Five lessons I learned from driving a supercar for the first time


We’ve all dreamed about getting behind the wheel of a luxurious supercar. For some of us, that dream came true, either by owning a supercar, being part of a supercar club or through a Supercar Hire. For those who haven’t felt the caress of fine Italian leather or been serenaded by a naturally aspirated concerto, these following five points reveal what it’s really like to drive a supercar. And we’re not talking track days or drag dos. We’re talking real on-the-road McCoy supercar driving.


1. You speed through a lot of emotions
When you first see your car, you can’t stop smiling. But, be prepared for many facial expressions, some you may never have worn before. Why? Just recall your first time behind the wheel of a car. Now multiply that elation, and fear, by at least 100% and that’s how phase two of the supercar encounter went for me. Joy changes up to excitement, shifts up again to surprise and then dramatically downshifts to terror.

In nanoseconds, I went from goofing off on the workings of the meticulously tuned engine, to feeling a very real rush of fear at going way faster than I know is safe. Like a famous supercar connoisseur once said, supercars make a heroin craving feel like a vague wish for something mildly salty.


2. Parking is what purgatory must feel like
I knew parking a supercar wouldn’t be easy. I also appreciated I didn’t really need to pull into my local supermarket for a sandwich.

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What I wasn’t prepared for was the nightmarish thought that occurred to me in the queue. What if one of those devil-may-care pensioners reverses into me? Or a pumped-up gym chick slams her £100 car door into my [conservatively estimated] £5,000 equivalent?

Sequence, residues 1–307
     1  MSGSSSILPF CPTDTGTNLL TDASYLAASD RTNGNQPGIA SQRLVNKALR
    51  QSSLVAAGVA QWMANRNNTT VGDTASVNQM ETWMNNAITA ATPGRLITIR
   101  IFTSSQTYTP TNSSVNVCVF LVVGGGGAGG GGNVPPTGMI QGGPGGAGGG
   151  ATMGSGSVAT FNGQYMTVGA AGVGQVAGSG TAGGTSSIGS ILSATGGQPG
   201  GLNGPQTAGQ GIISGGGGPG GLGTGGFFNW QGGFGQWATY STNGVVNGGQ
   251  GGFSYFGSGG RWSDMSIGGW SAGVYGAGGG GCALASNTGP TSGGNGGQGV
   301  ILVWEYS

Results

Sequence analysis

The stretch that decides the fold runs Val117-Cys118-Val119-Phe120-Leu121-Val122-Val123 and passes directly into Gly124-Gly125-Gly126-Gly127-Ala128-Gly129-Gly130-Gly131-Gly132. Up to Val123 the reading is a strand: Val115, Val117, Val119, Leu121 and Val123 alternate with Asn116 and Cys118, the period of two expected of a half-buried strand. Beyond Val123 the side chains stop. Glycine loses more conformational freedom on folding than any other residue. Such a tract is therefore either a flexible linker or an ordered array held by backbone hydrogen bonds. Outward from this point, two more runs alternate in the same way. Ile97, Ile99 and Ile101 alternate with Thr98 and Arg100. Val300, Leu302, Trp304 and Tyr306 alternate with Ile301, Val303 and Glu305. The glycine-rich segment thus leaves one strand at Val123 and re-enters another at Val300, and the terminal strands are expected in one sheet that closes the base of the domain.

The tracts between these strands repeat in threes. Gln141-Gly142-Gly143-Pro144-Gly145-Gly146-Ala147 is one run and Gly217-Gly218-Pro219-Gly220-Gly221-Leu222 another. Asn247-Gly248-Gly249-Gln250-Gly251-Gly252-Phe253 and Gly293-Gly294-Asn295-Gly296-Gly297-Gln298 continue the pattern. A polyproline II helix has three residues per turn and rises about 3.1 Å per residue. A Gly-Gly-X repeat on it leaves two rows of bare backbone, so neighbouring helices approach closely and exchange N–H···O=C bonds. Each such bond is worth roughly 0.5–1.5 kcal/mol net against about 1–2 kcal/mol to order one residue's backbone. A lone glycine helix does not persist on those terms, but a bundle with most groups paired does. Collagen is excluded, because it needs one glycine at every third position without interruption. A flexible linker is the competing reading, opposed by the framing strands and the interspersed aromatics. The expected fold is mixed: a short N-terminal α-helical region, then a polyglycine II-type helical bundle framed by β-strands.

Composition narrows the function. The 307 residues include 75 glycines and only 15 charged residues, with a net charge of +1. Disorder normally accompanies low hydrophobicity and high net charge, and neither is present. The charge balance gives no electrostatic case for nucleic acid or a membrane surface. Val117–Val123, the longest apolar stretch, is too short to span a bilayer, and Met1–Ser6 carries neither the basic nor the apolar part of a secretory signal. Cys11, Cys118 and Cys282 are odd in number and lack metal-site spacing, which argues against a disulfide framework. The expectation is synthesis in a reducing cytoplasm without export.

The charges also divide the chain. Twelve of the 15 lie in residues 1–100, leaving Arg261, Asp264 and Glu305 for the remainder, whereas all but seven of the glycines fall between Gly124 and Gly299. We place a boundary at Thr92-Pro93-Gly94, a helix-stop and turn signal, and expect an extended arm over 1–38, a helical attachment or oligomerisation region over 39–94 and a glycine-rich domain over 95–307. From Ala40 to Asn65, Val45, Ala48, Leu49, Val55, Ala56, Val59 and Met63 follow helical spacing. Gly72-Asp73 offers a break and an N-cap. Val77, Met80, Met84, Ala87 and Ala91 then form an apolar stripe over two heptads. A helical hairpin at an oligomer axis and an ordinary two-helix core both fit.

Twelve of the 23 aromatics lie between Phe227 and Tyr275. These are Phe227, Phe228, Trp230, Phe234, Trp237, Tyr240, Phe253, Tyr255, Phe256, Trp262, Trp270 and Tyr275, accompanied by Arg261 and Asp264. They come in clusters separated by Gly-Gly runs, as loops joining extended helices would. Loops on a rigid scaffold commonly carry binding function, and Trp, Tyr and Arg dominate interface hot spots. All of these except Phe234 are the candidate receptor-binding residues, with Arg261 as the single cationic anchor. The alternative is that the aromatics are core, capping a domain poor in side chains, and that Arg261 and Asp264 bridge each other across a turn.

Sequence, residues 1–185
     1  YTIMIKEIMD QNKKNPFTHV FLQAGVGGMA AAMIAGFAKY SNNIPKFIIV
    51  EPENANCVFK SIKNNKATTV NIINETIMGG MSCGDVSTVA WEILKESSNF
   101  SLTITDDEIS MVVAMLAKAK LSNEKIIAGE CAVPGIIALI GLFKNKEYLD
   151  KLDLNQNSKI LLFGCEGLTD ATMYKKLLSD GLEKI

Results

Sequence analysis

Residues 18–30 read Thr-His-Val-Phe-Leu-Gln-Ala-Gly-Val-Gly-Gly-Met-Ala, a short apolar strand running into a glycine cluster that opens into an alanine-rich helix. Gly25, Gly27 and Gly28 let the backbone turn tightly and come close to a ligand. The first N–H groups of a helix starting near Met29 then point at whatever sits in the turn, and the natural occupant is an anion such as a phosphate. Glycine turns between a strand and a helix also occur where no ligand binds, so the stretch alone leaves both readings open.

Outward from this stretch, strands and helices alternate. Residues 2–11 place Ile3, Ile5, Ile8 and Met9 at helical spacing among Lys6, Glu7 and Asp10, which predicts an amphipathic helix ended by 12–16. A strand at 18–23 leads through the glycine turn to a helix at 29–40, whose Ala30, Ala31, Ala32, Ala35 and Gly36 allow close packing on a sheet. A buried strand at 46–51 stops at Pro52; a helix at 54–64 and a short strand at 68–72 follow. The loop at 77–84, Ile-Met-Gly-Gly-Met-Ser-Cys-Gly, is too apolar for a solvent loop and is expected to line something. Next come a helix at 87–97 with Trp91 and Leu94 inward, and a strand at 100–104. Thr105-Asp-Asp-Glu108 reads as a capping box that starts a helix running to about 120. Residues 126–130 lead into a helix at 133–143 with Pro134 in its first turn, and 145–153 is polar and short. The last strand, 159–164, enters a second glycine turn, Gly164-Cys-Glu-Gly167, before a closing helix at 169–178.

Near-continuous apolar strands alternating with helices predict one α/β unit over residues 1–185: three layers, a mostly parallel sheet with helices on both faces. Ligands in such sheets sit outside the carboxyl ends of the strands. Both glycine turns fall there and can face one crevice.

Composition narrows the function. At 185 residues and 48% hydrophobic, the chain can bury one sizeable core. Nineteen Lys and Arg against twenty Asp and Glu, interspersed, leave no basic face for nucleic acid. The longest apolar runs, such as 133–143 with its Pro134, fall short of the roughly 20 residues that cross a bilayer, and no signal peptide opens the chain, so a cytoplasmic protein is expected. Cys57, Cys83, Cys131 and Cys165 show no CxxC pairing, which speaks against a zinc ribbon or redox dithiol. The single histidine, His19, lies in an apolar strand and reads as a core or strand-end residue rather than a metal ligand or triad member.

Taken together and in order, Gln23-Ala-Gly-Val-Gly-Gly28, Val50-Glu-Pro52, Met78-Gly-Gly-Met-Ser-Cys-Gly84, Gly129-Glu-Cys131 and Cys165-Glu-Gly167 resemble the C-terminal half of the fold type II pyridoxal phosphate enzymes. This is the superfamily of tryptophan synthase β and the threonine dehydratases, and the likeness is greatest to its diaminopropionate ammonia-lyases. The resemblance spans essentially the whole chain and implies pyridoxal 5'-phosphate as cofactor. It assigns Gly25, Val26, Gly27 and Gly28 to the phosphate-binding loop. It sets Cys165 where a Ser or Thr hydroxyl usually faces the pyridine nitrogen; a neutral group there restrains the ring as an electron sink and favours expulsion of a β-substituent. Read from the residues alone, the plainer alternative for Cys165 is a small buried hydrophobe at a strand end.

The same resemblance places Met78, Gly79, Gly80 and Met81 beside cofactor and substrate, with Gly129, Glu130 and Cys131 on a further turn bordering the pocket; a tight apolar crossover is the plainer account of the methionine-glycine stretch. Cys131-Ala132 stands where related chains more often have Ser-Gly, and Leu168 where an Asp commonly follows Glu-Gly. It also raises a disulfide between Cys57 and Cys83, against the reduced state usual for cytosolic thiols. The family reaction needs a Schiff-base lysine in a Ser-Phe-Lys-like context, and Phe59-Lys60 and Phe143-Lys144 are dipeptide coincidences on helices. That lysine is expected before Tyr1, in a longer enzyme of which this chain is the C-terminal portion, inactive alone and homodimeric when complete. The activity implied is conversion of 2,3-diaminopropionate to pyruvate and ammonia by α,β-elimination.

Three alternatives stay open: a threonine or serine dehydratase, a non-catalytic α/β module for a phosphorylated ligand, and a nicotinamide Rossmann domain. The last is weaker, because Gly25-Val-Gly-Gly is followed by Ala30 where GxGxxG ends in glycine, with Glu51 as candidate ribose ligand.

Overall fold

While the chances of such dinks and knocks are quite low, you’ll never be 100% worry free unless it’s parked in the safety of your own garage.


3. Your driving position is something to get used to
Supercars are lower to the ground than some reptiles. This low centre of gravity – coupled with an improved airflow – is what high-performance vehicles are all about. While I knew the background theory, I was unprepared for the dramatic effect it would have in practice.

Merged deep into the machine, in my low rider bucket seat, I felt a toe-curling union with the road, a level of handling where you almost feel the tarmac’s undulations on your skin.


4. You learn very quickly what ‘soft hands’ means
Rounding the corner on a valley road with illusions of Michael Schumacher’s poise, I stepped a little too hard on the pedal and Oh Mein Gott, I was close to losing control of the car. Everything slowed down and sped up at the same time, my adrenaline red-lining. To overcorrect then could have meant extra work for angels, demons or scrap merchants. Recalling a similar incident on ice, I instinctively kept the pedal pressed, gently counter-steered left, then right, then left again and, danke Gott, I snapped back into a straight line.

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It was a shot that woke me up more effectively than a schnapps-laced espresso. The responsiveness and handling were sheer heaven, but I quickly learned that, unless I had a wish to test the theory of everlasting life, I’d have to be very gentle at speed.


5. You are the center of the universe
Cue trumpets and dancing girls, because the attention you get from driving a supercar inflates your ego to Messianic proportions. Keeping a low profile in public areas just doesn’t happen, unless you are driving in Vegas.

The gleaming bodywork and supernaturally beautiful, low crouching feline shape catches the eye of every warm-blooded mammal in sight. Even those with visual impairments will notice you too, because the growl of the exhaust is as subtle as a thundering T-Rex. Expect people staring closely to see if you’re famous, waving at you to pull over, asking to have their picture taken with the car.

For real celebs who drive supercars every day, this idol worship must seriously get under their Botoxed skins. For a mere mortal like me, it just felt divine.